In Nigeria, insufficient purchasing power among middle-class citizens, coupled with limited or no access to vehicle financing, puts car purchases out of reach for over 90% of the population. Also, most taxis and public transport buses in Nigerian cities are leased by drivers, who have to deliver rental fees to the owners periodically.
That means ride-hailing companies such as Uber and Bolt that launch in Nigeria are likely to face a shortage of driver-partners, especially if they’re looking to cover all of the country’s major cities.
Earlier this year, Bolt launched a vehicle financing programme that offered drivers a flexible plan through which they could purchase their own vehicles. The scheme allows drivers to own a car or motorbike with low equity repayment for about four years and no interest.
“As we expand our presence into more cities across the country, it is important to provide solutions that ensure working with Bolt is more flexible and profitable for drivers,” Bolt’s Country Manager, Femi Akin-Laguda, said at the time.
After a pilot phase, which Akin-Laguda tells TechCabal “enjoyed great success”, the company has now partnered with Metro Africa Xpress (MAX), a Nigerian mobility company with a fintech play, to expand the program in the country.
MAX originally started out as a motorcycle-based operator for delivery services. With its mobile app, users could order pickup riders who could fulfil deliveries quickly in the congested city of Lagos. By 2017, MAX had expanded into bike hailing, becoming the first company to pioneer the innovation in Nigeria. But in February 2020, the Lagos government’s restrictions on passenger motorcycles threatened the company’s growth in Nigeria’s largest city.
In an interview with TechCabal, MAX’s CFO, Guy-Bertrand Njoya, explains that the company has had to double down on its other mobility solutions since the ban. One of these is a subscription platform for low-to-zero emission vehicles in five cities across Nigeria, and Ghana. The subscription product includes credit and original equipment manufacturer (OEM) services, which the more than 13,000 drivers on its platform opt into.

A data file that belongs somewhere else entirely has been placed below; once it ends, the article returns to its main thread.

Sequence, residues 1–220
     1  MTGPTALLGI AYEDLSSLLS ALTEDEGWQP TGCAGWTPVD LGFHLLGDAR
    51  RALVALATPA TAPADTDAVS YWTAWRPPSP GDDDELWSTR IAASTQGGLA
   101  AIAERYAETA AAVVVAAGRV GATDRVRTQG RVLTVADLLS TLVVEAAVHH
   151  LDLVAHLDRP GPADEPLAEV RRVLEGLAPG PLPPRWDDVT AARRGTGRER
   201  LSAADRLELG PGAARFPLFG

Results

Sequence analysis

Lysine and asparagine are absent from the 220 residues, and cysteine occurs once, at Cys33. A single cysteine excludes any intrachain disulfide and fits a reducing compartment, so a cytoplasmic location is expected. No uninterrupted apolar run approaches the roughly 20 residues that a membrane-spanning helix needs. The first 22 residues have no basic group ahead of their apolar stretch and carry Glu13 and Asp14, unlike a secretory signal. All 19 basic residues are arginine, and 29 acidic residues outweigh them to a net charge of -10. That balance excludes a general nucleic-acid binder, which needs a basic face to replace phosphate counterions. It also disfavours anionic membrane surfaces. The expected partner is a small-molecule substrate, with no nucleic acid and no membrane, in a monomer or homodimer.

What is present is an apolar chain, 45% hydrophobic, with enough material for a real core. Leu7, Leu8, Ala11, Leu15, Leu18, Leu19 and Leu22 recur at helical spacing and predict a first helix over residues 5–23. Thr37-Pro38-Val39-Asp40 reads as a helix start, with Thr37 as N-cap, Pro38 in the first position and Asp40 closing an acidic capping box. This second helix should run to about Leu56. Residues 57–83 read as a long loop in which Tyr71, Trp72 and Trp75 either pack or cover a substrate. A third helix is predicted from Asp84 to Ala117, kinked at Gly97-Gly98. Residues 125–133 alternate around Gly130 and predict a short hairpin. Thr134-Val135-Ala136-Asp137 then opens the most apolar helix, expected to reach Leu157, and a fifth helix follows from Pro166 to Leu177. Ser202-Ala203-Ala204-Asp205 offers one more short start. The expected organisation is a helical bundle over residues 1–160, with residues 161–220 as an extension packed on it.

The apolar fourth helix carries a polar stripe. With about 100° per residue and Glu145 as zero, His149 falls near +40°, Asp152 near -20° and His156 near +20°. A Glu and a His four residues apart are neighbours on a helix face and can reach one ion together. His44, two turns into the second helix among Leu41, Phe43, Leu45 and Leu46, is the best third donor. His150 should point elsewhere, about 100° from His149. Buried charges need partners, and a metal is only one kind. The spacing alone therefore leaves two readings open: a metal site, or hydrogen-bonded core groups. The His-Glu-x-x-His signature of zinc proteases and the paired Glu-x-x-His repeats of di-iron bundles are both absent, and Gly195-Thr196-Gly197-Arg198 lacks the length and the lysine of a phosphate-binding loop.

For the partnership with Bolt, the company’s alternative credit-scoring technology will allow access to proprietary performance and revenue analytics to underwrite the Bolt car loans for drivers.
“MAX is a renowned vehicle subscription platform with the capacity to support a truly wide placement of this type of partnership,” Akin-Laguda said on Bolt’s preferred car financing partner in Nigeria. “Their approach and insight to meet our goal of empowering drivers suited our desired proposition.”
The car financing programme is currently open only to drivers in Lagos and Abuja, with Bolt planning to expand the offer to all active drivers across Nigeria.
According to Bolt, an agreement can be reached for up to 100% of the purchase, both for new and used cars, within 24 hours of signing up. This is given that drivers have provided all the information required. They can choose to pay back their loans using a percentage of the weekly revenue generated while driving on Bolt for up to five years.
“We’re looking to expand our commitment to helping those on the Bolt platform to earn more and at their own pace, either driving full-time or part-time,” Akin-Laguda said. “Improving the earnings of drivers is fundamental to our business operations.”
For drivers, Bolt’s loan repayment process is more flexible than what traditionally exists in the market. Loan tenors from Nigerian banks often don’t exceed two years whereas Bolt’s repayment duration ranges from two to five. In the long run, Yamaha-backed MAX plans to add electric vehicles to the financing mix.
In addition to extending the lease-to-own framework to more e-hailing drivers, the partnership is expected to enable drivers access value-add services provided by MAX. These include licenses and permits, insurance, health coverage, and other financial products.
The low rate of vehicle ownership in Nigeria is similar across Africa, a continent with the lowest per capita vehicle ownership in the world.
With the majority of Africa’s more than one billion population having limited or no access to vehicle financing, the continent recorded fewer than 900,000 new vehicle sales in 2019, compared to more than 17 million in the United States alone.
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